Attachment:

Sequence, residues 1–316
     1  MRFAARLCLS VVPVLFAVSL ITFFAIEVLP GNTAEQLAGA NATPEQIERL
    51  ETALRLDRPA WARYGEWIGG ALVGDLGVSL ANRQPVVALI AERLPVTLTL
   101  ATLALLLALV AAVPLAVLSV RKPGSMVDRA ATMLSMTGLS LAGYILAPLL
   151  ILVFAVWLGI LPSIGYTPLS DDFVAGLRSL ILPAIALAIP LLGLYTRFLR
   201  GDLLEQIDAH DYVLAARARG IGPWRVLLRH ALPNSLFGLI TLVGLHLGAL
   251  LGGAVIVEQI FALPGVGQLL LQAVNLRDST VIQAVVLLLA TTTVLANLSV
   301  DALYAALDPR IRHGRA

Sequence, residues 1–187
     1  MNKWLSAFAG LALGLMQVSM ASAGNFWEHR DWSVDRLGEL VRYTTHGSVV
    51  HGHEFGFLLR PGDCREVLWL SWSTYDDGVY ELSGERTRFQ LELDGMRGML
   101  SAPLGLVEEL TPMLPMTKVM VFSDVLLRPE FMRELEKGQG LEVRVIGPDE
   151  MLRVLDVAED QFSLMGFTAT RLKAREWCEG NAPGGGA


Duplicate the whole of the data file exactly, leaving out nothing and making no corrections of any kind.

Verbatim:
Sequence, residues 1–316
     1  MRFAARLCLS VVPVLFAVSL ITFFAIEVLP GNTAEQLAGA NATPEQIERL
    51  ETALRLDRPA WARYGEWIGG ALVGDLGVSL ANRQPVVALI AERLPVTLTL
   101  ATLALLLALV AAVPLAVLSV RKPGSMVDRA ATMLSMTGLS LAGYILAPLL
   151  ILVFAVWLGI LPSIGYTPLS DDFVAGLRSL ILPAIALAIP LLGLYTRFLR
   201  GDLLEQIDAH DYVLAARARG IGPWRVLLRH ALPNSLFGLI TLVGLHLGAL
   251  LGGAVIVEQI FALPGVGQLL LQAVNLRDST VIQAVVLLLA TTTVLANLSV
   301  DALYAALDPR IRHGRA

Sequence, residues 1–187
     1  MNKWLSAFAG LALGLMQVSM ASAGNFWEHR DWSVDRLGEL VRYTTHGSVV
    51  HGHEFGFLLR PGDCREVLWL SWSTYDDGVY ELSGERTRFQ LELDGMRGML
   101  SAPLGLVEEL TPMLPMTKVM VFSDVLLRPE FMRELEKGQG LEVRVIGPDE
   151  MLRVLDVAED QFSLMGFTAT RLKAREWCEG NAPGGGA